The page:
This year’s winner is a young lady who has burst on to the scene with three very memorable performances in three disparate films and is now one of the most sought after actors in film.

Chloë Grace Moretz I first saw as a girl who is literally too cool for school in Diary of a Wimpy Kid. She is the kind of character who while somewhat jaded doesn’t waste time trying to be someone she isn’t or impressing people who don’t matter.

Then, of course, there is her performance as Hit Girl. A turn that only just slightly missed multiple nominations. She literally is the whole reason Kick-Ass works, she floats through a bloodbath of her own creation with ease unlike we’ve seen since the Kill Bill series.

As if that wasn’t enough Miss Moretz also took on the role of the vampire in Let Me In, an American rendition of the neo-classic Swedish film Let the Right One In. While the script and director dictate a different direction for her character than previously indicated she still brings to the role incredible vulnerability, menace and a certain disarming innocence, which help make the film great.

For all those reasons she is Entertainer of the Year.

2009 Michael Keaton

Due to Robert Downey, Jr.’s incredibly entertaining performances in 2008 I decided to name an Entertainer of the Year Award in his honor. Naturally, he was the first winner. This year, at first, qualifiers for that award were few as qualification was stringent to be in keeping with the award’s namesake, meaning that a candidate needed two magnificent parts in films that both equally deserve recognition. Then upon further thought the “Entertainer of the Year” portion of the award’s title came to the forefront and the criteria changed slightly to two participations of equally great entertainment value and thus the award could be easily handed to Michael Keaton for his performance and his direction in The Merry Gentleman, for few had two acting roles that merited recognition on that level.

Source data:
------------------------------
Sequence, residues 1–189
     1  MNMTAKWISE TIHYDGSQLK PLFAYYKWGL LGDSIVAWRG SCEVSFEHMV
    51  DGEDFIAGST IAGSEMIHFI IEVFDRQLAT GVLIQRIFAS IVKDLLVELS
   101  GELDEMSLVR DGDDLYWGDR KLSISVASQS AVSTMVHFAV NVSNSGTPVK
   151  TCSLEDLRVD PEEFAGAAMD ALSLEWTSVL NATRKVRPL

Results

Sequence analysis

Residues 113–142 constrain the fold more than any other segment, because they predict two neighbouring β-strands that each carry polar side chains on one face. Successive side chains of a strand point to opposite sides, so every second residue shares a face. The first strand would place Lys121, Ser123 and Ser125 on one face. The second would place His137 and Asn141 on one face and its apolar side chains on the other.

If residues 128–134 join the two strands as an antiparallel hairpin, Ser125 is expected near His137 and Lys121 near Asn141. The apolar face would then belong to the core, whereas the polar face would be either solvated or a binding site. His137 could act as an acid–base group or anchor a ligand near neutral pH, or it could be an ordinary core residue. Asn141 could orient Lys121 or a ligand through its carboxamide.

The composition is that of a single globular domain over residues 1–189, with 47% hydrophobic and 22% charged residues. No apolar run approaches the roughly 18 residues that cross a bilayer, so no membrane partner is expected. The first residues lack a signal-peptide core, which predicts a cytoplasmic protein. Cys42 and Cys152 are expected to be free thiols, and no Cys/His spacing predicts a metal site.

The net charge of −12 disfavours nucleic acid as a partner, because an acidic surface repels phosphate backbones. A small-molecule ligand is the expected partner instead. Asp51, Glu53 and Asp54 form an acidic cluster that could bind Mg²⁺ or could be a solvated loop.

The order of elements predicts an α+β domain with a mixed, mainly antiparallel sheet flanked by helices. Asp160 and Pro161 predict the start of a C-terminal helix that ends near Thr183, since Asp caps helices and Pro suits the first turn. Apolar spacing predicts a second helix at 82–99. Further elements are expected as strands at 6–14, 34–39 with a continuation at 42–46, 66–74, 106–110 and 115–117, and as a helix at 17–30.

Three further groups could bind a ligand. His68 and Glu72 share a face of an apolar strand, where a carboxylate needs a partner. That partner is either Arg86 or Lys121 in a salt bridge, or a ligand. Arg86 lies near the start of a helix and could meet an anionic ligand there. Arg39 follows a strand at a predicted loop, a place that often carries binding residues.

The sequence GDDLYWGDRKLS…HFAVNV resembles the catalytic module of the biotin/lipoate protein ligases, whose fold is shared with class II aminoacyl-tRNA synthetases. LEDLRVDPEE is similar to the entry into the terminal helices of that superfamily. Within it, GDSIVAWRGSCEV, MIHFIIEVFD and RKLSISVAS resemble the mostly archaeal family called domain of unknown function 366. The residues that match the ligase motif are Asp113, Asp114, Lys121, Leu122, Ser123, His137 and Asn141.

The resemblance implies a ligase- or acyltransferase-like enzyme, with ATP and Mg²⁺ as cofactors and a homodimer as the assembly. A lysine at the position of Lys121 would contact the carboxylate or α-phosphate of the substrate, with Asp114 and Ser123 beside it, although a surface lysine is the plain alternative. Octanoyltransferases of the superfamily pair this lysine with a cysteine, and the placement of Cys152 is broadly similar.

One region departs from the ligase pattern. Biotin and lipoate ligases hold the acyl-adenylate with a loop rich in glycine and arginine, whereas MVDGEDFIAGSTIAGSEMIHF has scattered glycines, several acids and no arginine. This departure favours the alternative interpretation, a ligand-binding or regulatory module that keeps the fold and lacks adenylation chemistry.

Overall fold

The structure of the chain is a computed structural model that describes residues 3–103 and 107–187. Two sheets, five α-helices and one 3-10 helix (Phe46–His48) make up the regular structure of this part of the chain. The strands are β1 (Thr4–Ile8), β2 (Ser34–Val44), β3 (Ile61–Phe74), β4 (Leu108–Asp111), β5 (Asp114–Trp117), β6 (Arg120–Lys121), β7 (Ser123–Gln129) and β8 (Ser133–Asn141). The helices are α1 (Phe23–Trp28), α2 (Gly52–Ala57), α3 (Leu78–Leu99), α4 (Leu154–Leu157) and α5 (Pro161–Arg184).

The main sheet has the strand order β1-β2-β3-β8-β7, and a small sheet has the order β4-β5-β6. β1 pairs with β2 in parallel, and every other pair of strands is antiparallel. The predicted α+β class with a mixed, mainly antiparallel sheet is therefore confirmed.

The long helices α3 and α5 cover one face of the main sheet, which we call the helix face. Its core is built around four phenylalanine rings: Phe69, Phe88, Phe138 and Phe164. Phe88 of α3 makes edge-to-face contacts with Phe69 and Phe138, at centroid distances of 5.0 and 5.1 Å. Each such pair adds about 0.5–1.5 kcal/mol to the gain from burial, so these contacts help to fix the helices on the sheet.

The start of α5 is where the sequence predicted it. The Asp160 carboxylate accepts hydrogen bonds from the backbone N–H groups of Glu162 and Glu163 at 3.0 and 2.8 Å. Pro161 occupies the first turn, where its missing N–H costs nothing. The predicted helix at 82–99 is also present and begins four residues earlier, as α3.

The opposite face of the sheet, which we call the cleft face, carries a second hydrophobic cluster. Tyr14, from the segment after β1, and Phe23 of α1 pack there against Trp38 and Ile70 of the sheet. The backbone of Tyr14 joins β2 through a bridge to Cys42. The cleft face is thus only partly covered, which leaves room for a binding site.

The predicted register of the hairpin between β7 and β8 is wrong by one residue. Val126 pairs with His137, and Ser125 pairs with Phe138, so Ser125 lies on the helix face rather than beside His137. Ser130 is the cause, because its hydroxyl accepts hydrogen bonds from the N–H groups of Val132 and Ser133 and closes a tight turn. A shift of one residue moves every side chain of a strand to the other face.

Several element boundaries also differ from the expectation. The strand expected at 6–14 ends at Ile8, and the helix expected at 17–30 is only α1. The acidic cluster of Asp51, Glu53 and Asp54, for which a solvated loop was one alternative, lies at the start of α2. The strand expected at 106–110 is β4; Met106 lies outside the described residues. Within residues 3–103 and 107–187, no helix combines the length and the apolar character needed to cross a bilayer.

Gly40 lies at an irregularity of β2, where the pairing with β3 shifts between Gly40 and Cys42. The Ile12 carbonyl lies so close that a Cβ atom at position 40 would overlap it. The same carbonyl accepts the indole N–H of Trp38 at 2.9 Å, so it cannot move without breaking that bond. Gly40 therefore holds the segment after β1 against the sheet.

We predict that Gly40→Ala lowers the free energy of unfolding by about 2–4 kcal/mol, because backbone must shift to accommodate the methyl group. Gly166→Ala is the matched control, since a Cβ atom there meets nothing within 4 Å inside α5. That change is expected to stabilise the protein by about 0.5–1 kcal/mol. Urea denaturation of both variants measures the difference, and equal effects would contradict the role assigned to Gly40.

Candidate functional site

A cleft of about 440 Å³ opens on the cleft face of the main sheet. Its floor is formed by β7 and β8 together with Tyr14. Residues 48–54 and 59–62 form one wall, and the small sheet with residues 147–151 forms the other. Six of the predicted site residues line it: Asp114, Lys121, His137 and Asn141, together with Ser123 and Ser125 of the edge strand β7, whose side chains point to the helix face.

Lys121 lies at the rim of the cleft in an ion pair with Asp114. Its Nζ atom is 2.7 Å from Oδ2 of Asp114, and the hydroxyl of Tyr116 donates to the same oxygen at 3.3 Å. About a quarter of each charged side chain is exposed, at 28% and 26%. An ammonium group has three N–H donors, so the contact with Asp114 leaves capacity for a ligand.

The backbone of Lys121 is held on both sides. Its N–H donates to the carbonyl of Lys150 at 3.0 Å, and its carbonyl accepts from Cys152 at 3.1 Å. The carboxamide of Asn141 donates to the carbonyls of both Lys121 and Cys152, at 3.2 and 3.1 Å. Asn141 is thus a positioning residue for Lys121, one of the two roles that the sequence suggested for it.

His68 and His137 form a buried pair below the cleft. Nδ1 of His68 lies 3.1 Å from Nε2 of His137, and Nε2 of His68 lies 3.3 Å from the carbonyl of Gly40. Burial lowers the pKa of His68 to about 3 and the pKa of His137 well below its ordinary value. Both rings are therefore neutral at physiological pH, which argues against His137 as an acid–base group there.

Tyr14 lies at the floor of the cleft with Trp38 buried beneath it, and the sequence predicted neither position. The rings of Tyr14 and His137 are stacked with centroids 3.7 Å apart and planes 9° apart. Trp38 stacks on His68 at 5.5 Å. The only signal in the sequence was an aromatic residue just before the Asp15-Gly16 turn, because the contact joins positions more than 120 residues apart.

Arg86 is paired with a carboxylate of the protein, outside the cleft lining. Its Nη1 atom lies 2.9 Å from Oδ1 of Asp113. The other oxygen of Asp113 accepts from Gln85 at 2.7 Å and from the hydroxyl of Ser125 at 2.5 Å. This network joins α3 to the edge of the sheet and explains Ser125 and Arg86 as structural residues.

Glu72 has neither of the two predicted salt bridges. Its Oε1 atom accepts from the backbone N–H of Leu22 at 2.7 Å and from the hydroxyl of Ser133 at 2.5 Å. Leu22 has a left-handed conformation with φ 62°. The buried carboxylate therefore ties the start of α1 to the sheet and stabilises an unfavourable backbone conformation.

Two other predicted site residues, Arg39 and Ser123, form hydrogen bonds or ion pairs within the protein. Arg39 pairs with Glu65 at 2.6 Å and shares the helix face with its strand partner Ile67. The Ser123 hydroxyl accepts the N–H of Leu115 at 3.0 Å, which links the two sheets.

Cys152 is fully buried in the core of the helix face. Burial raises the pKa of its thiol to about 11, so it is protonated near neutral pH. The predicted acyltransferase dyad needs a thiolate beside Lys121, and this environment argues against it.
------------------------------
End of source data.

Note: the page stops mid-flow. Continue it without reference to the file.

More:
Keaton not only confidently directs a very adept cast but tells a tale visually with great cinematography. It is also a very different kind of tale which, consistently defies expectations. Unlike some actors-turned-directors the part he plays is not very large in terms of dialogue or very glamorous but it is a great part and he plays it astoundingly well. It is a departure from his usual affable persona. Also, unlike many actors-turned-directors he is unafraid to tell his story in pictures.

In an interview with Guardian he said “It’s great to make your own choices, but there’s a price to pay.” While more mainstream films and appeal have alluded him he found a film here he connected with on many levels. He has crafted a film onscreen and off it that is an embodiment of his statement that “You don’t want to lose your status, but I was never willing to preserve it by doing things I didn’t want to do.” Keaton may not be the name he once was in terms of box office figures but as an artist he has grown in leaps and bounds and this project is a testament to that and this critic hopes there are more on the way.

2008 Robert Downey, Jr.

What else can you say about a man who actually inspires an award to come into being? He literally could’ve swept the male acting categories in 2008 and there wasn’t much that he did that wasn’t awesome and he’s been on a pretty good streak since as well. The award is something that needed to happen and he gave it the push necessary.

BAM Award Winners: Most Overrated Picture

This is one of the final two categories and it’s left to be last because it’s one of my two least favorite. The BAM Awards were created as a reaction and this and the Worst Picture have always been included. I wish one year I’d have to caveat both but I have yet to. The fact of the matter is my awards were born in a reactionary fashion and as much as I like to heap praise and nominations on those I like these two categories are a necessary counterbalance. Furthermore, there will be performers of all disciplines that I like in this category and the next, it’s just unfortunate. This is sort of like my equivalent to Gordon Ramsay saying “What a shame” when he eats a dish because he wants it to be good and it misses.

With the overrated moniker keep in mind this does not necessarily mean I dislike the films listed but just that they are rated too highly by fans, critics and the like. This year I may have a more scientific means of selecting nominees. If you want to know my opinion of a film just ask, it may not be negative just not as overwhelmingly positive as many. This is where you’ll see bigger names on my worst list there will be some more obscure titles but more on that when I get there.

The most overrated films have been…

2012 This award has been discontinued. Please follow the link for an explanation as to why. This post will remain up for archival purposes.

2011 Attack the Block

2010 The Social Network

2009 Paranormal Activity

Paranormal Activity (2007, Paramount)

2008 Twilight

2007 Superbad

2006 The Queen

2005 Syriana

Syriana (2005, Warner Bros.)

2003 Matchstick Men

Matchstick Men (2003, Warner Bros.)

2002 Spider-Man

2001 Lord of the Rings: The Fellowship of the Ring

2000 The Contender

1999 The Matrix

1998 There’s Something About Mary

1997 Life is Beautiful (La Vita è bella)

1996 Fargo